Charles Mingus was born on April 22, 1922 at a U.S. Army base in Nogales, Arizona. His father was the son of a black farmhand his mother was part Chinese. Mingus lived his younger years in Watts, California, where he was heavily influenced by the gospel music he’d hear at church. He also loved the classical music his sister would often play. After hearing the music of Duke Ellington, Mingus discovered his real love, jazz. He was devoted to music and practiced multiple instruments every day, enabling him to join Louis Armstrong’s band by the age of 21. In 1951, Mingus moved to New York City to begin playing with some of the greatest bebop musicians at the time including Charlie Parker, Dizzy Gillespie, Miles Davis, Theloneous Monk, and Tal Farlow. He began to form his own ensemble in 1955 called the “Charles Mingus Jazz Workshop”. He wanted to create his own sound, not just play what others were already doing. The group was a combination of orchestra and classical music played by a small jazz group. Though they played written music, the group was based on improvisation. “Sue’s Changes” and “Self Portrait in Three Colors” are two songs that showcase the group well, as these resemble the general sound the group created. In the early 1950s, Mingus collaborated with the great Jazz guitarist, Tal Farlow in a trio with Red Norvo. Their biggest record was called “The Savoy Sessions”. It showed a younger and simpler Mingus who was new to the small-ensemble jazz scene. The album consists of 20 jazz standards and on tracks such as “Time and Tide” the musicians experiment with innovative sounds, many of which are apparent in Mingus’ latter works. Mingus’ rhythmic communication with Tal Farlow shows his true alertness and fast-paced energies of youth. Eric Dolphy was another multi-instrumentalist with whom Mingus frequently worked with during this time. Dolphy’s could play the alto-saxophone, flute, and bass clarinet, which added a great deal to Mingus’ pieces. In 1964 they formed a distinguished sextet with Jaki Byard, Johnny Coles, and Clifford Jordan. The group played renowned shows at Cornell University and the Town Hall theatre in New York. In the 1940s, Mingus mostly played “swing” as it transitioned into bebop. After moving to New York in the end of the 1950s Mingus moved away from this genre and began playing in his “chamber jazz” style while working with musicians such as Eric Dolphy, Jackie McLean and Roland Kirk. He also began working with spoken word artists through the late 50s and early 60s, something few jazz artists at the time were even thinking about. In the early 1970s Mingus released a record inspired by the music of Columbia entitled “Cumbia and Jazz Fusion”. Mingus changed styles drastically in his time. Some are simply unable to tell that some of his earlier work is even him. Even years after Mingus’ death, his final piece, an extended composition entitled “Epitath” was discovered and was premiered in 1989 by a 30-piece orchestra, something uncommon for the normal small jazz group. Conceptually, Mingus started his jazz career through Ellington inspired logics, but transitioned into a bebop stage rapidly. He recorded a live album, “Jazz at Massey Hall” which comprised of some of the best bebop musicians in that time. However, Mingus wanted to diverge from the path more than anything else. He didn’t want to play music that everyone else was playing. He wanted to create his own style that was definitively, “Mingus”. His compositions ranged wildly in mood and dynamics, from elaborate counterpoint to Wagner-like crescendos. When he worked with spoken word poets, he would freely improvise along with the words. Mingus’ conceptual dynamics were transidiomatic: while this type of methodology had never been done previously, Mingus’ music harked back to the New Orleans roots of jazz while looking to the future to with progressive chamber type jazz. As an instrumentalist, Mingus’ musical...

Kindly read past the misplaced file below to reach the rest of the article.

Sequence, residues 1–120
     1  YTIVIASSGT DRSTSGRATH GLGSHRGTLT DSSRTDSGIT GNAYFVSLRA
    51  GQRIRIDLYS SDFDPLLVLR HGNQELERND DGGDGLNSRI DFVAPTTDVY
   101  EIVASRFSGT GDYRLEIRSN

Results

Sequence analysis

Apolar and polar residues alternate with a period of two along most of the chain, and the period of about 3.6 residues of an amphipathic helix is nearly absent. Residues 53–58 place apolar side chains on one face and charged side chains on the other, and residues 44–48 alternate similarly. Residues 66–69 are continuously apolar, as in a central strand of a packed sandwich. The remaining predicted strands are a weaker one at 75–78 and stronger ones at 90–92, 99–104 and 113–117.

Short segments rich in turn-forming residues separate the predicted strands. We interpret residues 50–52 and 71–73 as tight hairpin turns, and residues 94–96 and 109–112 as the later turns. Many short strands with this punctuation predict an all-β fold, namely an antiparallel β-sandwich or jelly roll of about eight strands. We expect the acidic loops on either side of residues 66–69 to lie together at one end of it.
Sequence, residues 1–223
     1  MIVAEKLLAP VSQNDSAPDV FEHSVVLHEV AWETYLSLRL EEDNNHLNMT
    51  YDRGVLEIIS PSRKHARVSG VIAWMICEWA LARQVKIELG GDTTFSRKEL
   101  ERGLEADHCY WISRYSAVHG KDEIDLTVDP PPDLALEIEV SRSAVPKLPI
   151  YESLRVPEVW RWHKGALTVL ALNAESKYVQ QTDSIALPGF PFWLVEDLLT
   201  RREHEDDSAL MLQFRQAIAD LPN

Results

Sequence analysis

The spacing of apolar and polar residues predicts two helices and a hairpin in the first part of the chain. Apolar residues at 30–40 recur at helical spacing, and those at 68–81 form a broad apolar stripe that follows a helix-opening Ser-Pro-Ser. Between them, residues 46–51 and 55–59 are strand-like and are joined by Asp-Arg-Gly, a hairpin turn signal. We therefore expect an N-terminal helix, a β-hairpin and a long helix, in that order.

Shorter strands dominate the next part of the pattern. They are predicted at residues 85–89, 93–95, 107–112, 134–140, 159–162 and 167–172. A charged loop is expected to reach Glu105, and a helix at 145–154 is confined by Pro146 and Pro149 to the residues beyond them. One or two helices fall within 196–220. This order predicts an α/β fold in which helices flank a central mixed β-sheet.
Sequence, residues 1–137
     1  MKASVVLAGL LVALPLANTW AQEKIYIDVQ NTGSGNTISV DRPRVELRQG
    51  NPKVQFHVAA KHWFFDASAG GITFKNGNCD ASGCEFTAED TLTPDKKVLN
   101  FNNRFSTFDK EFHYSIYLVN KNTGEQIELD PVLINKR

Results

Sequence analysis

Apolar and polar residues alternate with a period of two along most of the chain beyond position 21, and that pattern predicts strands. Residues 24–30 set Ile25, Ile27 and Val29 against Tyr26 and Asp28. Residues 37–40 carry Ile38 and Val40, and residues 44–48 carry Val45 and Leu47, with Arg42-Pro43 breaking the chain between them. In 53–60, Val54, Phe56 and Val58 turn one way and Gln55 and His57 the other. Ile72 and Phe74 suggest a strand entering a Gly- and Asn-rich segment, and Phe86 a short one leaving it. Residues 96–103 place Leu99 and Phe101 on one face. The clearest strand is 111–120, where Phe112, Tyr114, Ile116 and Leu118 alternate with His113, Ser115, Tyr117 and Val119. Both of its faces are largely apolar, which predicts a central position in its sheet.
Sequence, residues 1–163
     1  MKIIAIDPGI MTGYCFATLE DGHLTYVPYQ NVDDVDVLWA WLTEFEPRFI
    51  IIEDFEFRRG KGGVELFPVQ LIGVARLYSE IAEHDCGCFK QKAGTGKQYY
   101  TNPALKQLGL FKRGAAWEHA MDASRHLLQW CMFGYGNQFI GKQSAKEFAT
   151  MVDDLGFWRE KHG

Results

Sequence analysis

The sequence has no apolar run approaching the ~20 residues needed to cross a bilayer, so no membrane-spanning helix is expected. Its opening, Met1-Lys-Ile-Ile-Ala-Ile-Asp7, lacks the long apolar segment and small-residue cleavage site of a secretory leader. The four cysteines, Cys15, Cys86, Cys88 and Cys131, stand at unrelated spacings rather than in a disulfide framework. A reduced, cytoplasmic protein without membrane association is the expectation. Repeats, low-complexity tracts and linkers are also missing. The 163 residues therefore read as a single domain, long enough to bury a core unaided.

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Knopf, 1971. Print.
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